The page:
Listing ID: 75091
One of Phoenix, Arizona’s most successful Italian restaurants, this business scores high on food and service and cash flow. This very successful restaurant has been in business for over 20 years and its menu and quality of service has garnered a customer base that extends across the Phoenix metro area. Attributes of its long term success are proven sales, profit levels and 2021 SDE will be well over $500,000 plus the all important high quality food and service. This is an Award Winner. Open 7 days per week for lunch and dinner, it has a restaurant liquor license and full premium stocked bar. All facets are in place for the Buyer to continue the winning tradition of Italian food and service. Pre Approved for SBA 7A loan or seller might consider carrying a portion of the purchase price. Restaurant continued to show profitability during the pandemic despite governmental restrictions on occupancy. Non disclosure agreement and proof of funds required of all inquiries. Price just reduced to $995,000 and 2021 SDE looks like it will be close to $600,000! Now Bargain Priced. NOW IN ESCROW. TAKING BACK UP OFFERS.
- Asking Price: $995,000
- Cash Flow: $500,000
- Gross Revenue: $2,100,000
- EBITDA: N/A
- FF&E: $400,000
- Inventory: $25,000
- Inventory Included: N/A
- Established: 1999
- Property Owned or Leased:N/A
- Property Included:N/A
- Building Square Footage:5,000
- Lot Size:N/A
- Total Number of Employees:40
- Furniture, Fixtures and Equipment:N/A
The restaurant is notably and constantly being kept in top notch shape. Many upgrades have been made and equipment is replaced when needed. Seller prides himself on clean premises and constant upgrades and improvements. Big kitchen and several dining areas plus full bar.
Two weeks and more available for compensation
They own the market around them and draw guests from a wider trade area than normal. Great menu and food, great service in this category of restaurants leads to high cash flow and SDE. Not many restaurants in this category can match what they do.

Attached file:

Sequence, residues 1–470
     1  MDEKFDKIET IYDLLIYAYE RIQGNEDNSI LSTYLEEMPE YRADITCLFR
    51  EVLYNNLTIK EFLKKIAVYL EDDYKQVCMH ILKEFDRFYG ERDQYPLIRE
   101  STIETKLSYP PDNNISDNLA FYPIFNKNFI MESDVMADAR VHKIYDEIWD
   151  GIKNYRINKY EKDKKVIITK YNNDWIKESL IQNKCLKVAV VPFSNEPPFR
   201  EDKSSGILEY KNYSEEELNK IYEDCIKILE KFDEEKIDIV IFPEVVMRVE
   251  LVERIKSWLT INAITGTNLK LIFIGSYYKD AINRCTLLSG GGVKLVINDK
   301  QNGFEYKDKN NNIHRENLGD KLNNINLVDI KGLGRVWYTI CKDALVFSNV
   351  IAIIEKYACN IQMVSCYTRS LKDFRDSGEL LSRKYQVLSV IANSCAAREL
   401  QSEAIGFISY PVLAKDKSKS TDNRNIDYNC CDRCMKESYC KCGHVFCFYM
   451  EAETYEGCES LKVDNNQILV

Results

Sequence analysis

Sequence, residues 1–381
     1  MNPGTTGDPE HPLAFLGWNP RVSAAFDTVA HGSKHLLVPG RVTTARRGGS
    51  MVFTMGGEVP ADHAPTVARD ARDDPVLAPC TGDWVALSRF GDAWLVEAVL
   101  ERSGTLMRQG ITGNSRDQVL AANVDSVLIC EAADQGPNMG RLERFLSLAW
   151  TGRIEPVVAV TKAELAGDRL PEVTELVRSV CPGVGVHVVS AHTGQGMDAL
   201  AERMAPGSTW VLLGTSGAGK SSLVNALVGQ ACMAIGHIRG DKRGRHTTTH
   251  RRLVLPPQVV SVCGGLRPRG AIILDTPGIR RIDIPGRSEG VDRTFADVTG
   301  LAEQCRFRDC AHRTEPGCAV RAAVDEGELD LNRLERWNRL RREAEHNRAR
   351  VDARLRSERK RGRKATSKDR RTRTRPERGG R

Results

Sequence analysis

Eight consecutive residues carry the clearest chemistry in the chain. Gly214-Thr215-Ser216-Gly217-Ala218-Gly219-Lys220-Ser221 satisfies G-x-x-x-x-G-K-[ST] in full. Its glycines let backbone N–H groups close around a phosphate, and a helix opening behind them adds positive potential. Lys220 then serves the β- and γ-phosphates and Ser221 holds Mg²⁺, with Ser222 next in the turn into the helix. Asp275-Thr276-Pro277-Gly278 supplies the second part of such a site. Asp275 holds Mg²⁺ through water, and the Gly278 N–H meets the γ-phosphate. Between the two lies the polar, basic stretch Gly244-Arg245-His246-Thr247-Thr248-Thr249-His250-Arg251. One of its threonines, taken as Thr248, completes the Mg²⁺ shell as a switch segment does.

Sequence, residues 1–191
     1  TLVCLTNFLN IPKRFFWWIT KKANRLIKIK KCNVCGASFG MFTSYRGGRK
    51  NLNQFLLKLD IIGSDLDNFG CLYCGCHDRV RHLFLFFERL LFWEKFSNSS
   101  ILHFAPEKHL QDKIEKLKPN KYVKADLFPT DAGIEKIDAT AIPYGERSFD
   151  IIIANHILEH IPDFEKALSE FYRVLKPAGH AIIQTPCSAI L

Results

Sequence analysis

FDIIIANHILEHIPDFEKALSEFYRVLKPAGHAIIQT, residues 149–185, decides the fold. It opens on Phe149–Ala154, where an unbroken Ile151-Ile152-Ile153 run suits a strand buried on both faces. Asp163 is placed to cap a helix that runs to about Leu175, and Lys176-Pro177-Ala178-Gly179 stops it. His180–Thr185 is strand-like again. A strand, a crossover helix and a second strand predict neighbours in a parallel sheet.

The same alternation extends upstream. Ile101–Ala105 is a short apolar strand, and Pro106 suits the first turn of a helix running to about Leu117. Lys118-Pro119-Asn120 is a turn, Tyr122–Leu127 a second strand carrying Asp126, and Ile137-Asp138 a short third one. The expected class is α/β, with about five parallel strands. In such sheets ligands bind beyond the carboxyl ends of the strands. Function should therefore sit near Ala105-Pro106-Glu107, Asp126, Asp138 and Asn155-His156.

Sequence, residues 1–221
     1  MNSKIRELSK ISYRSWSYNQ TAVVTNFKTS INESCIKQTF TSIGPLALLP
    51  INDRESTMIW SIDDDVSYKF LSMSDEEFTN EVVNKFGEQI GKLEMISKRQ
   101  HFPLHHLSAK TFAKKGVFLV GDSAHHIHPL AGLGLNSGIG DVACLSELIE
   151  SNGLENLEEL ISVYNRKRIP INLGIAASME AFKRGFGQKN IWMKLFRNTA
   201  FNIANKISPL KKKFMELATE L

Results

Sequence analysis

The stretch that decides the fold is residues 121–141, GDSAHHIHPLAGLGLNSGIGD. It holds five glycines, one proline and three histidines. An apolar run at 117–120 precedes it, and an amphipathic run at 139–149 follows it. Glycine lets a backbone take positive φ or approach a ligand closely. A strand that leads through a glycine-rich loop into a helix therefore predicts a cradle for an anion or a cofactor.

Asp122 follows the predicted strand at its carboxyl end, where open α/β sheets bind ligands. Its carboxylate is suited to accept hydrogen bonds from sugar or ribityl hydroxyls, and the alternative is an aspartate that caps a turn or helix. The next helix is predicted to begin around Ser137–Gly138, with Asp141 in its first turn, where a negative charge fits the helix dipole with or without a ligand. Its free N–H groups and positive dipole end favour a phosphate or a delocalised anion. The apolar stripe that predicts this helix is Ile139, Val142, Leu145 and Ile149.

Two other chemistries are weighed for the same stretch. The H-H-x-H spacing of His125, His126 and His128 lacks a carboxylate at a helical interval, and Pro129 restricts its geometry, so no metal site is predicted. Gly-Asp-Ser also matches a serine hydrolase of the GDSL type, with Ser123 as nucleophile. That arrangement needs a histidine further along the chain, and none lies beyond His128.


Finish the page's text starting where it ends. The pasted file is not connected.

Would be possible to do another one in the trade area but that might remove the touch of the on-site owner/operator.
The venture was established in 1999, making the business 23 years old.
The transaction doesn't include inventory valued at $25,000*, which ins't included in the asking price.
The company has 40 employees and is situated in a building with estimated square footage of 5,000 sq ft.
The building is leased by the business for $6,300 per Month
Why is the Current Owner Selling The Business?
There are all types of reasons why individuals resolve to sell companies. Nevertheless, the true reason vs the one they tell you may be 2 completely different things. As an example, they might say "I have too many various obligations" or "I am retiring". For many sellers, these factors stand. However, for some, these might just be reasons to attempt to conceal the reality of transforming demographics, increased competition, current reduction in incomes, or an array of other factors. This is why it is very essential that you not count entirely on a seller's word, however instead, use the vendor's solution in conjunction with your total due diligence. This will paint a more practical picture of the business's present scenario.
Existing Debts and Future Obligations
If the current entity is in debt, which lots of businesses are, then you will have reason to consider this when valuating/preparing your deal. Many operating businesses borrow money so as to cover points like stock, payroll, accounts payable, so on and so forth. Bear in mind that occasionally this can imply that revenue margins are too thin. Lots of organisations fall under a revolving door of taking on debt as a way to pay back various other loans. In addition to debts, there may additionally be future commitments to consider. There might be an outstanding lease on equipment or the building where the business resides. The business might have existing contracts with vendors that have to be met or might cause penalties if canceled early.
Understanding the Customer Base, Competition and Area Demographics
How do businesses in the location bring in new clients? Many times, businesses have repeat consumers, which create the core of their day-to-day revenues. Specific factors such as new competition growing up around the area, roadway construction, and also employee turn over can impact repeat consumers as well as negatively influence future profits. One crucial point to think about is the placement of the business. Is it in a very trafficked shopping mall, or is it hidden from the highway? Obviously, the more people that see the business on a regular basis, the greater the possibility to construct a returning consumer base. A last thought is the general area demographics. Is the business located in a densely populated city, or is it located on the outside border of town? Exactly how might the neighborhood average house earnings influence future revenue prospects?